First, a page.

The Marketing Word | Differentiation Marketing

Beyond Sent Emails – How to Get Your Emails Opened

You’re in business. You’ve sent emails. In fact, you send email after email.  Are you tracking your email open rate?

One of my clients emailed me with the question, “How can I get people to open my emails?”  She was looking for tips to make her subject line more enticing.  She had recently sent an email to her list of 527 subscribers and had 124 opens.  That’s an open rate of 23.5%.   

A “good” or average open rate for an email is 15 – 30%.  Her open rate is within range. But it could be better. In her niche, health, the average open rate is higher, in the 30 – 40% range. Here’s an article I found with open rate info:

Average Email Open Rates

Her particular email was announcing a local event. Because her list is national, her open rate was probably lower than usual – her subscribers know where she is located.  But event emails are not a one-shot deal. For an event (seminar, get together, webinar) you really have to hit people at least 3 times with emails because they either miss the email, or don’t have time to open and look the first time they see it or think they will go back and open it “later on” (which is why I have over 1,000 emails sitting in one of my accounts).

People are in a time crunch these days. One thing I have seen work is a subject line that says — “This will take less than a minute” (or 30 seconds) and I’ve also seen something like that in the first line of an email: “This email will only take you about 2 minutes to read but will blah blah blah — some benefit to you.”

People also respond to FUN.  So, if you’re doing an email series, have at least one of the emails have something about fun or pleasure in the title.  Analysts (marketing and psycho) say people are more motivated by avoiding pain (2.5 times more likely to move away from pain) than moving towards pleasure, but in my experience people go for instant pleasure if the ensuing pain is 1) not that painful and 2) far enough away in time, i.e., “Eating cake will make me fat and isn’t good for me.  I don’t want to be fat but that’s the result of MANY pieces of cake and this one piece of cake won’t make me instantaneously fat so I’ll have it.”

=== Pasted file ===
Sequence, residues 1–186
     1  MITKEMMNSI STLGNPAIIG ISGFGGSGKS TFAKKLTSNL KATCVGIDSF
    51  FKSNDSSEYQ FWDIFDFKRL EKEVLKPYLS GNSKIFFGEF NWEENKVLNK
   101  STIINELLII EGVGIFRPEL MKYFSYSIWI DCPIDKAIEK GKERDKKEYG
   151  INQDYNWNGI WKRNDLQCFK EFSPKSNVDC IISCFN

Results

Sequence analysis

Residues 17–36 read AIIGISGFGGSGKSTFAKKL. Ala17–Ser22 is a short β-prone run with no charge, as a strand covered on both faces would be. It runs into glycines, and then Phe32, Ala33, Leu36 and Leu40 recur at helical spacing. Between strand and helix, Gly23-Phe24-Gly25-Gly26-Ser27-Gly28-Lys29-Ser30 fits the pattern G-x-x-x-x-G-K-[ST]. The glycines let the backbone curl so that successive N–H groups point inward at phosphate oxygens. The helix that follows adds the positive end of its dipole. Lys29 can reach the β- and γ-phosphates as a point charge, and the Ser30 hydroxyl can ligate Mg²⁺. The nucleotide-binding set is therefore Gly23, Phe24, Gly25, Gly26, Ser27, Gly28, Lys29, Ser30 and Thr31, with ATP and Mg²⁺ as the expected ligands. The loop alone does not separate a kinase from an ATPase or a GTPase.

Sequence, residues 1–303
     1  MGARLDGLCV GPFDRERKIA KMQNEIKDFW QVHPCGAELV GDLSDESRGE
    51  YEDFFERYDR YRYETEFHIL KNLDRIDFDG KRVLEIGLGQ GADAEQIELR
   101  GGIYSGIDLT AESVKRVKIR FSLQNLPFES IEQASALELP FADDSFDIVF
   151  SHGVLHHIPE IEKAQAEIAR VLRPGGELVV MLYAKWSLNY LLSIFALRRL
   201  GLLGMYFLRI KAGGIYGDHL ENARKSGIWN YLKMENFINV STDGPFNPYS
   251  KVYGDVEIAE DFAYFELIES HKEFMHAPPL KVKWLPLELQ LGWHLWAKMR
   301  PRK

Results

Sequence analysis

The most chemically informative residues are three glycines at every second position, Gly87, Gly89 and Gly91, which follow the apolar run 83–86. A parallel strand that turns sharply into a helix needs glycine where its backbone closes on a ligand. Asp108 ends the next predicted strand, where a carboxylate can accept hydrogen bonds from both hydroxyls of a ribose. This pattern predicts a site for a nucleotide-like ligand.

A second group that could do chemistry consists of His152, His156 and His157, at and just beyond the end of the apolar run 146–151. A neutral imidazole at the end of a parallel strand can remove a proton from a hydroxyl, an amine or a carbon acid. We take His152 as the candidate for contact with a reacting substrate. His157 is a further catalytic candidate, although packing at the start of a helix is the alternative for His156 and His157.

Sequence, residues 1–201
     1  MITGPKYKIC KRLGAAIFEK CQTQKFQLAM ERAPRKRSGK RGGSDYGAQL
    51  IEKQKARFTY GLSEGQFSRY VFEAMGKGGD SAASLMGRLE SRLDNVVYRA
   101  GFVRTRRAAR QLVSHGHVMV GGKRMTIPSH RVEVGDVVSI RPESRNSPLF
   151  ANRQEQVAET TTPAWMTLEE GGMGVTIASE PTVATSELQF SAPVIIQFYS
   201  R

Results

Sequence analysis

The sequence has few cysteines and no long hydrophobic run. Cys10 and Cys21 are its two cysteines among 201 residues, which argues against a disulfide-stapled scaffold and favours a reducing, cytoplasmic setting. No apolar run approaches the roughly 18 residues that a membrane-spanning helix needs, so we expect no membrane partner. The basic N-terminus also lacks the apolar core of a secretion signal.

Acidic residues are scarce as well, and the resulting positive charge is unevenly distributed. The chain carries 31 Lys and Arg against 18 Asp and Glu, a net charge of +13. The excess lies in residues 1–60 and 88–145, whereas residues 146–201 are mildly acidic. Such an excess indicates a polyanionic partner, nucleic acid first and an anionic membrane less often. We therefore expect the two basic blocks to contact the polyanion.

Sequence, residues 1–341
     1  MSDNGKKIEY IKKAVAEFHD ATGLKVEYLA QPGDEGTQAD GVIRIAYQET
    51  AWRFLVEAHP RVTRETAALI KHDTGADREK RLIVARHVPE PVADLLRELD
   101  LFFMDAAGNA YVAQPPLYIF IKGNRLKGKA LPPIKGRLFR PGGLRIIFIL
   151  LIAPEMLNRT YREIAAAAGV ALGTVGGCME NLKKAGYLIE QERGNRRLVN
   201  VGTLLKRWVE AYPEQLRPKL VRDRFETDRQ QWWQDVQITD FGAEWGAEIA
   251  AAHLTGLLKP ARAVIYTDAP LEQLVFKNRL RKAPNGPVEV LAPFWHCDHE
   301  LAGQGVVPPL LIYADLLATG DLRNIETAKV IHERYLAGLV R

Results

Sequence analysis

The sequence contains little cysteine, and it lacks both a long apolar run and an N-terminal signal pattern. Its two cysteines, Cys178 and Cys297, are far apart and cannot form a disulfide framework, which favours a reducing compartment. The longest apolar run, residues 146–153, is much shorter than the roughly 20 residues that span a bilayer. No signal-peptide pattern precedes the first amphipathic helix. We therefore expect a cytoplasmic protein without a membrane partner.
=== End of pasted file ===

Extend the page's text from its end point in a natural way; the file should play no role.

Do I have a study to back me up on that? No. But I do have whoopie pies and ice cream in my kitchen. And if you take a look around you, you will probably see the results of people making that choice. On a daily basis…   So, give people a little pleasure in your subject line mix.

The same day my client emailed me with that question, I also got this email with a free offer for an email marketing tip ebook from Icontact, an autoresponder company:

10 Rules for Successful Email Marketing

I’m not sure how long it’s going to be available.  It looks like an affiliate link (not mine, probably for whoever runs WebProNews, the company that sent me the email) so you will most probably be put on a list. This particular opt in is especially intrusive – Icontact has put this ebook out and is offering a free trial of their services with it.  (Complete disclosure: I gave them valid information except for my phone number – I can delete emails; phone calls are just freakin annoying.) My attitude on this is if I get tired of the emails or find they are not helpful, I’ll just unsubscribe. But I’m always open to new sources of info.  (Hmmm.  I think I feel another blog post coming on about information gathered for opt ins.)

I know I sound like a broken record sometimes (OK, most of the time) but the best way to get people to listen to you, whether you are sending emails, writing blogs posts, doing videos or posting on social media, is to put out good information. People search the internet for information. Yes, they buy things over the internet, but first and foremost, they want information. The best thing you can do is make sure the information you give is relevant, helpful and applicable.  The importance of the subject line goes down as people get to know, like and trust you and your information. However, if your list is constantly growing, people are in various stages of their relationship with you. The stronger you can make your subject lines, the more likely people are to open your emails and from there, develop a stronger relationship with you.  But don’t let it torment you. They can’t all be diamonds. Better to get the email out than to sit and agonize over the subject line.

 
Barbara Grassey

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1 comment

  • Brenda Ellison · 09/29/2012 at 3:55 am

    I really liked this article. First of all it mentioned chocolate cake and I love to see even the mention of chocolate cake whether it is applicable or not to the other content…so yes, you are right…appeal to pleasurable experience.
    I completely agree with subject material being short and attention getting even humorous as I have had great experience in the past with getting emails opened with quirky but attracting titles.
    It seems that the title should work almost like a key word search in Google….find the phrase not everyone is using but everyone will search.
    Great article Barbara and thanks for another great share.
    As always I look forward to your writing…especially when you give it some cake and humor!
    Brenda Ellison-MyInfoSnap

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